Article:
The first time my world went to pieces, I walked away from a dead marriage, gave everything to my ex and moved to another country. The joke was on me because I promptly married a guy infinitely worse. After that fell apart, I staggered — bloody, dazed and penniless — back to the USA. When I stopped feeling like I’d gone through a wood chipper, I married Garry, which I should done in the first place. Except he hadn’t asked.
All that seemingly pointless pain and suffering was not for nothing. Stories of hideous mistakes and calamitous outcomes are the stuff of terrific after-dinner conversation. A few drinks can transform them into hilarity. Misery and disaster fuels humor.
Funny movies are not about people having fun. They’re about people in trouble, with everything going wrong, lives in ruins. The difference between a comedy and a tragedy is that tragedies usually end with a pile of corpses. Comedies (usually) don’t. Otherwise, it’s just timing and style. Funny stories aren’t funny when they happen. Later they’re funny.
Our personal traumas are collateral damage in the battle to survive. Mindful of whatever tragedy lurks just over your personal horizon, why not prepare some clever repartee? You can give it a test drive at the next get together with your pals. Something to look forward to.
So no matter how bad things are, not to worry. Black depression will ebb. That crushing weight on your chest will be replaced by a permanent sense of panic you will call “normal.”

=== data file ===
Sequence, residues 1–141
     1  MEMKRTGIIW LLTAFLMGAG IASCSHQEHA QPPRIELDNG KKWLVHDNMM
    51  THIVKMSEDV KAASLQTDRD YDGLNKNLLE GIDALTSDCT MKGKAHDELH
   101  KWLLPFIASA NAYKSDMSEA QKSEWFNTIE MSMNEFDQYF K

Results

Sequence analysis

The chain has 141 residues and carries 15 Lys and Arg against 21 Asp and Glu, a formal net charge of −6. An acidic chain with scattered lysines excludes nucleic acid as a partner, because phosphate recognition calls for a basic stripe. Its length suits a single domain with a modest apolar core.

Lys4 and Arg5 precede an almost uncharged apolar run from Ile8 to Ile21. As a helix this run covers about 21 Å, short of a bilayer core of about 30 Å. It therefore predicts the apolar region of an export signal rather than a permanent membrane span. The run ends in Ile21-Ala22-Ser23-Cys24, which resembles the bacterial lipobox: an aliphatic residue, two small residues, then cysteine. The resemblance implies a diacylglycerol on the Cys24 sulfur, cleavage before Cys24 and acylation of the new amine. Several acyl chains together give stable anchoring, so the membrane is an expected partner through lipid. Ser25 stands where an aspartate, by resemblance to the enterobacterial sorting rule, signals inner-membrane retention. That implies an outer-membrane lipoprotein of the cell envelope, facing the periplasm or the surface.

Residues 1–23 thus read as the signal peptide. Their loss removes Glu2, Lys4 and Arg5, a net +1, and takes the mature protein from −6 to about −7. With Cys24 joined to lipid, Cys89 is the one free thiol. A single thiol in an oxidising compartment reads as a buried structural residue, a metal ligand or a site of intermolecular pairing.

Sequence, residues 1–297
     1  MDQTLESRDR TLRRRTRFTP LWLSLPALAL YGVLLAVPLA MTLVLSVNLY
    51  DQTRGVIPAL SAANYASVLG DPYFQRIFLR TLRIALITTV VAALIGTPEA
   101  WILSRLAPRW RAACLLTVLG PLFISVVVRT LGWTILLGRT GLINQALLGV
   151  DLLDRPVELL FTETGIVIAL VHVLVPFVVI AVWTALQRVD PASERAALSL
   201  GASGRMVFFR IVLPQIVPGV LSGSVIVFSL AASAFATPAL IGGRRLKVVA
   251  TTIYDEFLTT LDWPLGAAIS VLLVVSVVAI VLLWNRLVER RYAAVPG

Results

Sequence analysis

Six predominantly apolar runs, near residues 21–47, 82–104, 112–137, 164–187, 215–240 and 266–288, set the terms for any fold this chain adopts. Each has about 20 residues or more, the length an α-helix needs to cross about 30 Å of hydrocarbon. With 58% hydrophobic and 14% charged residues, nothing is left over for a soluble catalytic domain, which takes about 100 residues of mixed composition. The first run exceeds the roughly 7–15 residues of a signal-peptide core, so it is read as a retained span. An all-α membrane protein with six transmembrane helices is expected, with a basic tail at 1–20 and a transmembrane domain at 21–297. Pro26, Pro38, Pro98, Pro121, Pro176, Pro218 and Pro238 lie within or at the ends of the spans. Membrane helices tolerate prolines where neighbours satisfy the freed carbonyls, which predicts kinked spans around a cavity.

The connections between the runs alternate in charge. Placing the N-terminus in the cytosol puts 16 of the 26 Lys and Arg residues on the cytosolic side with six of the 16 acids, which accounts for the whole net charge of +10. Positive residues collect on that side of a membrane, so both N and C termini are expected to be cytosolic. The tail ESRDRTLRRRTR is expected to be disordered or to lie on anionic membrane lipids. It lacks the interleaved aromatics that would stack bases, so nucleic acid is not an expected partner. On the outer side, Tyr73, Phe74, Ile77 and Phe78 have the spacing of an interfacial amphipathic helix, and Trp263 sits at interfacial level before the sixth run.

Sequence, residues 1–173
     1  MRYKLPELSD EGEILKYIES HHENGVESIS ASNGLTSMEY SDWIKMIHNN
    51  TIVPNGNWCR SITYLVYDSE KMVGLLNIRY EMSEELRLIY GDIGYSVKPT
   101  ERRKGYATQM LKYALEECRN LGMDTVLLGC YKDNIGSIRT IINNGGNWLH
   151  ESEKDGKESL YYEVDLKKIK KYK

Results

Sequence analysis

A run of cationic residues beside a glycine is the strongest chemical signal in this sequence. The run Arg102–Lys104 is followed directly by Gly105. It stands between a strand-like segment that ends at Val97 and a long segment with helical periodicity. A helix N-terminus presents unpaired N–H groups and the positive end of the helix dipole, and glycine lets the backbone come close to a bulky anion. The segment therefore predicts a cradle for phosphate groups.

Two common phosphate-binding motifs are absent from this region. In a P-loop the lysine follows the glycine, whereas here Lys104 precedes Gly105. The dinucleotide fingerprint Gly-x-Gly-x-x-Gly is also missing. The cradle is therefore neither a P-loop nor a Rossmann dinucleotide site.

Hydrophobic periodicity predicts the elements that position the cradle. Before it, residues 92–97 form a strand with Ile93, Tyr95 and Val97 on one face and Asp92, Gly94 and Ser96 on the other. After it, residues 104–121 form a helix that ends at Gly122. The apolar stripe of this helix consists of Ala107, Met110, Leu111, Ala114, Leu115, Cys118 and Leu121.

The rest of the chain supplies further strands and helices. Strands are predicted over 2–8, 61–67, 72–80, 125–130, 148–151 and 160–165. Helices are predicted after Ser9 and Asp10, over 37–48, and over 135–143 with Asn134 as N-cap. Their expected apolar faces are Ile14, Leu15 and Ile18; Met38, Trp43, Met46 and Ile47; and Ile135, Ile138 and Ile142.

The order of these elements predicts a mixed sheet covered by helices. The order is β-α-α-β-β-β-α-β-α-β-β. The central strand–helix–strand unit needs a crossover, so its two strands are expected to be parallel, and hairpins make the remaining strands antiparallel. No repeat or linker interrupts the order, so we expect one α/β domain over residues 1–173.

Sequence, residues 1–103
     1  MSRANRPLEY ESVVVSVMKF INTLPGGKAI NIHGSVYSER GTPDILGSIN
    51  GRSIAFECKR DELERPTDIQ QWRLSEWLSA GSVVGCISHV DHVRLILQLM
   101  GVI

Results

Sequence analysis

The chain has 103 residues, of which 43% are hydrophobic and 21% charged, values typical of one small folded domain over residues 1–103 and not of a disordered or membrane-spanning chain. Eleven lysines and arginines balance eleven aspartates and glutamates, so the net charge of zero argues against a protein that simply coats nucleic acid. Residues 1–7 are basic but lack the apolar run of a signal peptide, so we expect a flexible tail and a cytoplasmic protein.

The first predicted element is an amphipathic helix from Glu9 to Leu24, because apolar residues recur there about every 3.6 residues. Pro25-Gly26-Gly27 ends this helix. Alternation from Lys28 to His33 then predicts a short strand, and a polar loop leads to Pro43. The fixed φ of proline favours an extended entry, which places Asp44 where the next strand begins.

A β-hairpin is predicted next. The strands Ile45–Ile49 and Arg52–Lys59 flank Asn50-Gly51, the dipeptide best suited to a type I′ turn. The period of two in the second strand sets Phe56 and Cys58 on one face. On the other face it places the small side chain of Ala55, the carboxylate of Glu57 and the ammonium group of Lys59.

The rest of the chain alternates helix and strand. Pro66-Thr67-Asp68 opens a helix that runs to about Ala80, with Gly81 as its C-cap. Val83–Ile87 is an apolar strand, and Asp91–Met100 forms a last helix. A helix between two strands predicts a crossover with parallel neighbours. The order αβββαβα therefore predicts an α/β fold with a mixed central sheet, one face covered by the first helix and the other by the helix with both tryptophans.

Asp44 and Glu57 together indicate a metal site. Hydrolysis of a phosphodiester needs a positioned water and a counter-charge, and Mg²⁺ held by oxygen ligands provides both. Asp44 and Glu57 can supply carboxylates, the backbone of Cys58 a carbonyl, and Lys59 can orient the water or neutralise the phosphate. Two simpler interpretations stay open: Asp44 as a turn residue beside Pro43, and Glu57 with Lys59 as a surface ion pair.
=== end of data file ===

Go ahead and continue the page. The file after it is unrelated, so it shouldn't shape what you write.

Life trudges on. Everyone will point out: “Life doesn’t give you more than you can handle.” You have my permission to whack anyone who says it over the head with something hard and heavy.
Odd Ball Photos are those great photos that you take which really don’t seem to fit into a common category. We’ve all taken them and like them, because we just can’t hit delete and get rid of them. From the piney woods to the rest room of a local bookstore … odd balls all.
I have acquired a lot of sweaters over the years. This is New England. Winters are long. Heat is expensive. Sweaters fill the gap.
This morning I noticed more than half my sweaters are purple. I’ve got a few in black, a couple in red, but purple dominates. The sweaters used to be all black. I’m from New York where women wear black. It’s a thing. A co-worker in Israel once told me I dressed like a nun. I could never wear the bright colors she wore. I’d feel like I was wearing a neon sign.